Scaling and Root Planing

Scaling and Root Planing is usually the first mode of treatment recommended for most patients with periodontal disease. This initial therapy is a non-surgical procedure to remove plaque and calculus from deep periodontal pockets and to smooth root surfaces. Plaque and calculus contain bacterial toxins that cause inflammation to the gums and bone. A smooth root surface supports tissue reattachment of connecting tissue fibers to the tooth. This type of treatment may be all that is needed, especially when periodontal disease is caught early. However, the majority of patients will require ongoing maintenance therapy in our office to sustain oral health.

Scaling and Root Planing

Antibiotic Treatment

Periodontal disease is a bacterial disease and the key to controlling or eliminating it is the effective reduction or elimination of the harmful bacteria. Local delivery of antibiotics to the periodontal pocket and, in some cases, systemic antibiotic treatments may be used as an adjunct to scaling and root planing to help control the harmful effects of and reduce bacteria.

Bite (Occlusal) Adjustment/Guard

Teeth that do not fit together properly or a traumatic occlusion may increase the rate of bone destruction or contribute to other oral health problems. We may recommend a bite (occlusal) adjustment so that your teeth meet properly and function better.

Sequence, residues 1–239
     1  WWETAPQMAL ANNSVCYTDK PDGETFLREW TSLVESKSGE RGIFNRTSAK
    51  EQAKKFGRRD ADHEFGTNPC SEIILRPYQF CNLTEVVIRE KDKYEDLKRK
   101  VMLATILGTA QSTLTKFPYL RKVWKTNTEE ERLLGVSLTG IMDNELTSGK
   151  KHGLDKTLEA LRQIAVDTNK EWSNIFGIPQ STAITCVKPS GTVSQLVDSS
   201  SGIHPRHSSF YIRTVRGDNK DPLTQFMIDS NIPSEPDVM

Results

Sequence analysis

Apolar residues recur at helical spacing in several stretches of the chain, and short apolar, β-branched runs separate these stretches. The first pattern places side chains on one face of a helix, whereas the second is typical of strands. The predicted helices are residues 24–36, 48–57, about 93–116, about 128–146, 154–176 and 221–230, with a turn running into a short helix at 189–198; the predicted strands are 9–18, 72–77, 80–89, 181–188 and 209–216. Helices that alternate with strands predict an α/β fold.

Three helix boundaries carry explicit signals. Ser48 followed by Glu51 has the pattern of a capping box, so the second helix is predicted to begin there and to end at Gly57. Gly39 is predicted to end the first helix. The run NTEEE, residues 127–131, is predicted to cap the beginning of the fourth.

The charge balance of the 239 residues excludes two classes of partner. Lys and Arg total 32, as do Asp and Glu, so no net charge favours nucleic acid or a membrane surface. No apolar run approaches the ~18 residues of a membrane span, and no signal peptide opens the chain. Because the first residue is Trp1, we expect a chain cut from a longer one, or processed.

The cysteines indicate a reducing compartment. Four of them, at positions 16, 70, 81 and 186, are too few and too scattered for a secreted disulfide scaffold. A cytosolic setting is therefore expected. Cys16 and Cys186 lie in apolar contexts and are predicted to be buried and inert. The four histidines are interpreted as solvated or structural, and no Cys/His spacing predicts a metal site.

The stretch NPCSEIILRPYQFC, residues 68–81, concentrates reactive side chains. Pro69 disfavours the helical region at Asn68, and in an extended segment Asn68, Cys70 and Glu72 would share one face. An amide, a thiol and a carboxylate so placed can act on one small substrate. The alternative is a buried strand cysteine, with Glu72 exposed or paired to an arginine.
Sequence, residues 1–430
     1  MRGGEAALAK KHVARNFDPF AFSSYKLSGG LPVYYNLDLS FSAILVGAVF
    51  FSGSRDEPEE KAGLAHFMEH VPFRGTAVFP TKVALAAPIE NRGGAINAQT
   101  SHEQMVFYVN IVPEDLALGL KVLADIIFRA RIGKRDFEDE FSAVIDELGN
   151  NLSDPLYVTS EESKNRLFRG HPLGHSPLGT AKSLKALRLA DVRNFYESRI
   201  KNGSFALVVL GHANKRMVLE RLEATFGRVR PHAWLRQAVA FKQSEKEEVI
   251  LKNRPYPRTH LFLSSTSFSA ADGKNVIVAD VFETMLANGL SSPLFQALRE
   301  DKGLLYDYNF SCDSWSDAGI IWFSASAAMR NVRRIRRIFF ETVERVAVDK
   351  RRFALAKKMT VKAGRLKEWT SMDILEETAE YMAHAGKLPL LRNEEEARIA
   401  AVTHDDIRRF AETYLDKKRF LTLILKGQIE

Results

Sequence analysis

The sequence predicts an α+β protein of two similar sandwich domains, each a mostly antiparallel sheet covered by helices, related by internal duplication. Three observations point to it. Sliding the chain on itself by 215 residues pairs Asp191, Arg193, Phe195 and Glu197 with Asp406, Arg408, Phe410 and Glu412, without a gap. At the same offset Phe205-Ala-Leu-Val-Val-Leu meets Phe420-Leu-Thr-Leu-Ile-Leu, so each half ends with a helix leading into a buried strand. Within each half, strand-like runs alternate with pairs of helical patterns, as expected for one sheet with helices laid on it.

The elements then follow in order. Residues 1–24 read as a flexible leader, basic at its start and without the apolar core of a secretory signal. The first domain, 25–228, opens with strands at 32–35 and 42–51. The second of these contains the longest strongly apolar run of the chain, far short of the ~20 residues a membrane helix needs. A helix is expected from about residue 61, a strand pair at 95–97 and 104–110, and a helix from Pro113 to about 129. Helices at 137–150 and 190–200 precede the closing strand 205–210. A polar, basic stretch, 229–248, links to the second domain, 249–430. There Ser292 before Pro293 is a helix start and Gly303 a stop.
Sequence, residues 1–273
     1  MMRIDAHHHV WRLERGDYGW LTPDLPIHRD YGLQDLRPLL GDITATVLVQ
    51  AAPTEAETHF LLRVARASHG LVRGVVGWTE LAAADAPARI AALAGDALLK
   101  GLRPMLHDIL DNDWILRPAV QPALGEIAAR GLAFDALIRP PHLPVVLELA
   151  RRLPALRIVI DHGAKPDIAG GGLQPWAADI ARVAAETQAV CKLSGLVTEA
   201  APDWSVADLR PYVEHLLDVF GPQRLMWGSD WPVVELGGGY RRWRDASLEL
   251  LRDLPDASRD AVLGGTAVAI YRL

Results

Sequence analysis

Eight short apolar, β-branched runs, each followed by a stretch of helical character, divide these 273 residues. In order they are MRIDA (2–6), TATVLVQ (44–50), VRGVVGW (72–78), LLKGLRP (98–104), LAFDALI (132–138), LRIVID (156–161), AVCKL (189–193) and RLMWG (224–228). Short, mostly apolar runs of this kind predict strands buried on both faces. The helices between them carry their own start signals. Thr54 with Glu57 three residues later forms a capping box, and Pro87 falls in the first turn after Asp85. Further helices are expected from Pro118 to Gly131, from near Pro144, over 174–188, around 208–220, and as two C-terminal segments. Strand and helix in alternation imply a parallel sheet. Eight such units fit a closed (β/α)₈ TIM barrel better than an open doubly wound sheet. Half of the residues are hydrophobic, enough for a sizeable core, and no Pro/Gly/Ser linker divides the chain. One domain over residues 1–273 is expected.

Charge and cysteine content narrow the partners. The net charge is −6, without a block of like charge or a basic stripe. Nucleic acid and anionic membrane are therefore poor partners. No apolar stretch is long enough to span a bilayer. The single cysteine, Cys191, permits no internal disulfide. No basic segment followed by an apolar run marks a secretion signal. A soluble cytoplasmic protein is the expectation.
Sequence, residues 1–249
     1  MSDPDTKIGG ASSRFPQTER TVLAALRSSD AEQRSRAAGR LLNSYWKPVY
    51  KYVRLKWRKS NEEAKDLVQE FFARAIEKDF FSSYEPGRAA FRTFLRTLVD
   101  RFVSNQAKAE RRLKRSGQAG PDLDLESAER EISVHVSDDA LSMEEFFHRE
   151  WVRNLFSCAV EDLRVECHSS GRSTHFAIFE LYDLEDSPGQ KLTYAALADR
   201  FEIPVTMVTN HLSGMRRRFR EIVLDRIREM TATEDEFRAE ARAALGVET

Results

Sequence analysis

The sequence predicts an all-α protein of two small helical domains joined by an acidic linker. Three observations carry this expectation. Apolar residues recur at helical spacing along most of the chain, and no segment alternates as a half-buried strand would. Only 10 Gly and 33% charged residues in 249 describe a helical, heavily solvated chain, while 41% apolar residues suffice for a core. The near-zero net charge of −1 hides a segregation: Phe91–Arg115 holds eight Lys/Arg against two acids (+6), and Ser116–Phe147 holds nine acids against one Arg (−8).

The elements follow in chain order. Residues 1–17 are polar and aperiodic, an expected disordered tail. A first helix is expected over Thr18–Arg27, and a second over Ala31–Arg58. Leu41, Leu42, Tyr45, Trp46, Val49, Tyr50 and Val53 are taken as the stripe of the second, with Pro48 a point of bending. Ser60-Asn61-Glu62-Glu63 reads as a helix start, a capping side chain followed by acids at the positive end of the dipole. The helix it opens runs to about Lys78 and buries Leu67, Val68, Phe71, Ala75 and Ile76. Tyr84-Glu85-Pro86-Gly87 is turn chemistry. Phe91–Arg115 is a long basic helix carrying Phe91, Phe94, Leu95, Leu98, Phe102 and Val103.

In addition, a custom bite guard or splint- a removable device that fits over upper or lower teeth may be fabricated to protect teeth surfaces and relax tense jaw muscles. This type of appliance helps to prevent bone destruction associated with clenching and/or bruxism (grinding). Some symptoms may include (but are not limited to) headaches, jaw aches, TMJ soreness, loose teeth or crowding of teeth.

Pocket Depth Reduction

When supporting tissue and bone is destroyed, “pockets” form around the teeth. If your infection has spread into the bone that supports your teeth, and is below the level that can be reached by Scaling and Root Planing, then a pocket depth reduction surgery is performed to remove any remaining infection and decrease deeper pocket depths. This will arrest the infection and inflammation which would lead to tooth loss if left untreated.

Pocket reduction surgery is a collective term for a series of several different surgeries (such as gingivectomy, osseous surgery and flap surgery) which are aimed at gaining access to the roots of the teeth. It is a common periodontal procedure which has been proven effective at eliminating bacteria, reducing inflammation, and saving teeth. The goals of pocket reduction surgery are:

  • Reducing oral bacteria/spread to various parts of the body from inside the bloodstream
  • Halting bone loss that leads to loose teeth and tooth loss
  • Facilitate home care to decrease the risk of further periodontal infections

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